Nickel Silvers (C73500 - C79999)

If you want to get an idea of how many copper alloys there are and
their properties go look up the properties of wrought copper alloys.

http://tinyurl.com/l2n3tu

or download a PDF file with the alloy numbers, names and chemical
composition at

1. Metalliferous and Rio sell Jewelers Bronze which is 85% copper
and 15% zinc. Traditional bronze is an alloy of copper and tin.
The Jewelry Artist magazine says beware of Jewelers Bronze. Why? 

No good reason, it is a wonderful alloy to work with, but it is 87%
copper 13% zinc, “Red Brass” is the name of the 85% Copper 15% Zinc
alloy. This is a prime example of the problem. If you really want to
know what you are getting you must use the alloy number not the
Trade Name. I just read the article and found it is really lacking in
detailed on which alloys are being used and makes
blanket statements like "Brass melts at "1750 F and bronze at 1866 F"
Which alloys? there are literally hundreds each with different
melting points and other properties. in this case the author is
probably referring to “cartridge brass” (C26000) which is the most
common brass we run into as metalsmiths and I could not find a bronze
with a melting point of 1866 but as I said there are hundreds of
alloys. But if you were to use the in the article and had
a piece of “Jewelers Bronze” which is a brass and tried the melt test
it would melt at 1895 F, very close to the temperature the author
lists for tin bronze.

The Bronze alloys that you will be most interested in as a
metalsmith will be the “A” phosphor bronzes. They are available in
sheet and wire form and are likely what the article was trying to
refer to.

C51000 Phosphor Bronze, 5% tin
C52100 Phosphor Bronze, 8% tin

C51000 is available from mcmaster.com in wire and sheet form in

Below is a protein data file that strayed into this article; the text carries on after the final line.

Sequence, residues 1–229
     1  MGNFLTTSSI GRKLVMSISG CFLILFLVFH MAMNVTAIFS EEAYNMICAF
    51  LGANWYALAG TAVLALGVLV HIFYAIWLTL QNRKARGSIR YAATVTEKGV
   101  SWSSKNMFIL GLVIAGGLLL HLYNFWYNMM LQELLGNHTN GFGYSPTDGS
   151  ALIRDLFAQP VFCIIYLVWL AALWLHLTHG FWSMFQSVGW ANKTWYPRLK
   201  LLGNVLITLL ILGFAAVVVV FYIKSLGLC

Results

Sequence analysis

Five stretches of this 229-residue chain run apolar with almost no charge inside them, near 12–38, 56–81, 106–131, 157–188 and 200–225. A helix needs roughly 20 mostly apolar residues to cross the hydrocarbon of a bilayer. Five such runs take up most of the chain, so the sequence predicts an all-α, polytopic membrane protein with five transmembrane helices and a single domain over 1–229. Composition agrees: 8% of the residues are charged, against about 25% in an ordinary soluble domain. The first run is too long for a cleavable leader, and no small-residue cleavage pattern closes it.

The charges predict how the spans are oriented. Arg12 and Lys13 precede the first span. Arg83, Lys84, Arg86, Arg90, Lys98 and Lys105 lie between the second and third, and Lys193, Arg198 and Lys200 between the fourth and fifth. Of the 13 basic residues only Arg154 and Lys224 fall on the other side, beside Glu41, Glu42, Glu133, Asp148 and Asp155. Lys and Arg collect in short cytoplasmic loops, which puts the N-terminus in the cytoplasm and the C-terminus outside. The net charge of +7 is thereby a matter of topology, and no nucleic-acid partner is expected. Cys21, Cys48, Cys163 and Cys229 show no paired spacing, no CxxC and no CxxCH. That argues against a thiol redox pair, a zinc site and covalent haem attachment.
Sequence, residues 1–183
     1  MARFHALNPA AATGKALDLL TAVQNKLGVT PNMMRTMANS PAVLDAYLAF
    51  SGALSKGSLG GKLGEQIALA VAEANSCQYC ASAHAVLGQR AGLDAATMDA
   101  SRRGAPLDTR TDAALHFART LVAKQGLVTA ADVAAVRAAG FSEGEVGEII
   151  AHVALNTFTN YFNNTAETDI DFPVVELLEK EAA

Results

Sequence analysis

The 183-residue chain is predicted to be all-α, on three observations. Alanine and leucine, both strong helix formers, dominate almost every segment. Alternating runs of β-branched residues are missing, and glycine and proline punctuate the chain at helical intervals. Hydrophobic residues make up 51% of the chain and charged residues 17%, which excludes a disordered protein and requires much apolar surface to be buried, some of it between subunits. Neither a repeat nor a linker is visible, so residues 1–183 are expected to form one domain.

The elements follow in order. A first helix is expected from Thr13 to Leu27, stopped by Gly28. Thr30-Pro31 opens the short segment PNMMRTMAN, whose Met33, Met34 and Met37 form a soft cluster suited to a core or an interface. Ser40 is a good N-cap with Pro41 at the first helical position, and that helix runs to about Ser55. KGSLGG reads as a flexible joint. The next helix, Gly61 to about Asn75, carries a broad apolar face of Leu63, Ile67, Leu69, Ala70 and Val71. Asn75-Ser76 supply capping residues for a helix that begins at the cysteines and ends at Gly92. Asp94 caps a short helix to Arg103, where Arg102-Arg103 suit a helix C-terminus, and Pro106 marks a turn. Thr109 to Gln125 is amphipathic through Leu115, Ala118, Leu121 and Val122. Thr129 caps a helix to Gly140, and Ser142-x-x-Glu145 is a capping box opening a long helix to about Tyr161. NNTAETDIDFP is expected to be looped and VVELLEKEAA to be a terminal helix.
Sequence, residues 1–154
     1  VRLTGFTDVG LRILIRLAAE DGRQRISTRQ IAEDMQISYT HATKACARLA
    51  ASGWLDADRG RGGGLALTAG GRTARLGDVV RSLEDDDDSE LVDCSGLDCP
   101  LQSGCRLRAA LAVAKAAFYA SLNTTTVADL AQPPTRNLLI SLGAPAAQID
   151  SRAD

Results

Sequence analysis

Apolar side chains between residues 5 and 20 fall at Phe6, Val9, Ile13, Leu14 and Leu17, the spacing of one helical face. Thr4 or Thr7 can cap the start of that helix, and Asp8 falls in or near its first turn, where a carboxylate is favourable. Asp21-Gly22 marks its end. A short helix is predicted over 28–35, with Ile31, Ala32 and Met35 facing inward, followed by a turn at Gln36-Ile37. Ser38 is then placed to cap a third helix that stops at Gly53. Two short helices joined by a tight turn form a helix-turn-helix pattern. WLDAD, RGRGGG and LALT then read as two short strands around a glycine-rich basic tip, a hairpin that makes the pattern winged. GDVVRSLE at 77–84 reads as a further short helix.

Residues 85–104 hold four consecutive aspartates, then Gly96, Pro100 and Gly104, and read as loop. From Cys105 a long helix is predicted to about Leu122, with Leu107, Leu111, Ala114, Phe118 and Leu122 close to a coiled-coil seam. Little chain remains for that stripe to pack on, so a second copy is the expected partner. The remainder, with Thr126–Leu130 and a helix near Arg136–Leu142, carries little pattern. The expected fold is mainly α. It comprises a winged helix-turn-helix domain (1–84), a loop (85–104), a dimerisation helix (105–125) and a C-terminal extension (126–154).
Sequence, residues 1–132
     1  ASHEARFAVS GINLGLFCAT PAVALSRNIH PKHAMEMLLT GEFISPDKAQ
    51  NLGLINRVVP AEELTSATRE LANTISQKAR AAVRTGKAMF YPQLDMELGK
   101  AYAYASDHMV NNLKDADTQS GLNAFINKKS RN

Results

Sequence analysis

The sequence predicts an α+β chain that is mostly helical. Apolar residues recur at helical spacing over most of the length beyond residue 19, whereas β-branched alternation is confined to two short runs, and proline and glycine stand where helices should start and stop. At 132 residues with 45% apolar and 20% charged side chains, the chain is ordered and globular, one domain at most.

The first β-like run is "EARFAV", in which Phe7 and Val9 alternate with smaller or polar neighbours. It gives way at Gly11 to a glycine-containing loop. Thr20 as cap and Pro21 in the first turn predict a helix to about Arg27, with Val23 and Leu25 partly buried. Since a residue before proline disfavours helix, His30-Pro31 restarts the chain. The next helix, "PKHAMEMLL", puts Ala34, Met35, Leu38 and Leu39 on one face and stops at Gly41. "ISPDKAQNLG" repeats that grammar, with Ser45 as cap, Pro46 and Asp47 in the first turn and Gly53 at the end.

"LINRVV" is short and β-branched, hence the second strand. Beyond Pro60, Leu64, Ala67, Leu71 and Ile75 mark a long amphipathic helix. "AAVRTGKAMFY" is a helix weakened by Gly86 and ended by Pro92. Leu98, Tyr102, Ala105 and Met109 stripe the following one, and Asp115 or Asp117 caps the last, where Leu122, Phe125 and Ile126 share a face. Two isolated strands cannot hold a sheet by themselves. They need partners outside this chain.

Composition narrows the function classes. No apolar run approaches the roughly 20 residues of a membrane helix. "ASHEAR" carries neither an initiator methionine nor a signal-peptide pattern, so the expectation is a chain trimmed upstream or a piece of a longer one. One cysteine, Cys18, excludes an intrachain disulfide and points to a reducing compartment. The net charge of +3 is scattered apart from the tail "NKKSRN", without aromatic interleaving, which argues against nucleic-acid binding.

small quanities they call it alloy 510 which is an older numbering
system.

 Does the color of Jewelers Bronze differ significantly from a
copper and tin alloy? 

Which alloy?

If I sell a piece of jewelry made with the Jewelers Bronze
alloy and call it bronze will I be duping the customer? 

Nope, it is the accepted trade name.

Patina. If I follow patina instructions for some of the more exotic
bronze patinas do I have a chance that the Jewelers Bronze will
patina in a similar manner? 

Get a copy of “The Coloring, Bronzing and Patination of Copper
Alloys” and you will see this is a difficult question to answer. But
basically it could be close but could also be way off, it will depend
on the recipe.

http://www.ganoksin.com/jewelry-books/us/product/0823007626.htm

My instructor used Red Bronze when she was in school. What is that? 

Probably it was Red Brass as there are not any standard trade names
that include red and bronze.

The Jewelry Artist article refers to NuGold available from OttoFrie
as a bronze. Their site, as near as I can see, doesn't say what the
alloy is. 

It is not bronze. From the Otto Frei website: “Nugold is a brass
alloy with a color that slightly resembles gold” my guess is that it
is either Red Brass, Commercial Bronze or possibly Jewelers Bronze

There was a lot of discussion about bronze turning pink in pickle in
the Jewelry Artist article. I have seen brass and Jewelers Bronze
turn pink. I thought it was from the heat of the torch bringing up
> the copper. Now I'm confused. Is it the pickle that is actually
doing it or is it a heat induced oxide that reacts with the pickle
to show up pink? 

It is the alloying elements being oxidized away by the heat and then
being dissolved by the pickle, the resulting surface is now copper
rich. It is the same process as depletion gilding.

 In some of the pieces I've made I liked the pink so much I left it
on there and waxed over it, but this last one I used super pickle to
get rid of the pink. The piece turned a really weird bright yellow.
What is the best method for knocking this off and getting back to
the original metal color? I sort of rubbed away for a bit and then
threw it into Live of Sulphur. It was OK, but not as good as I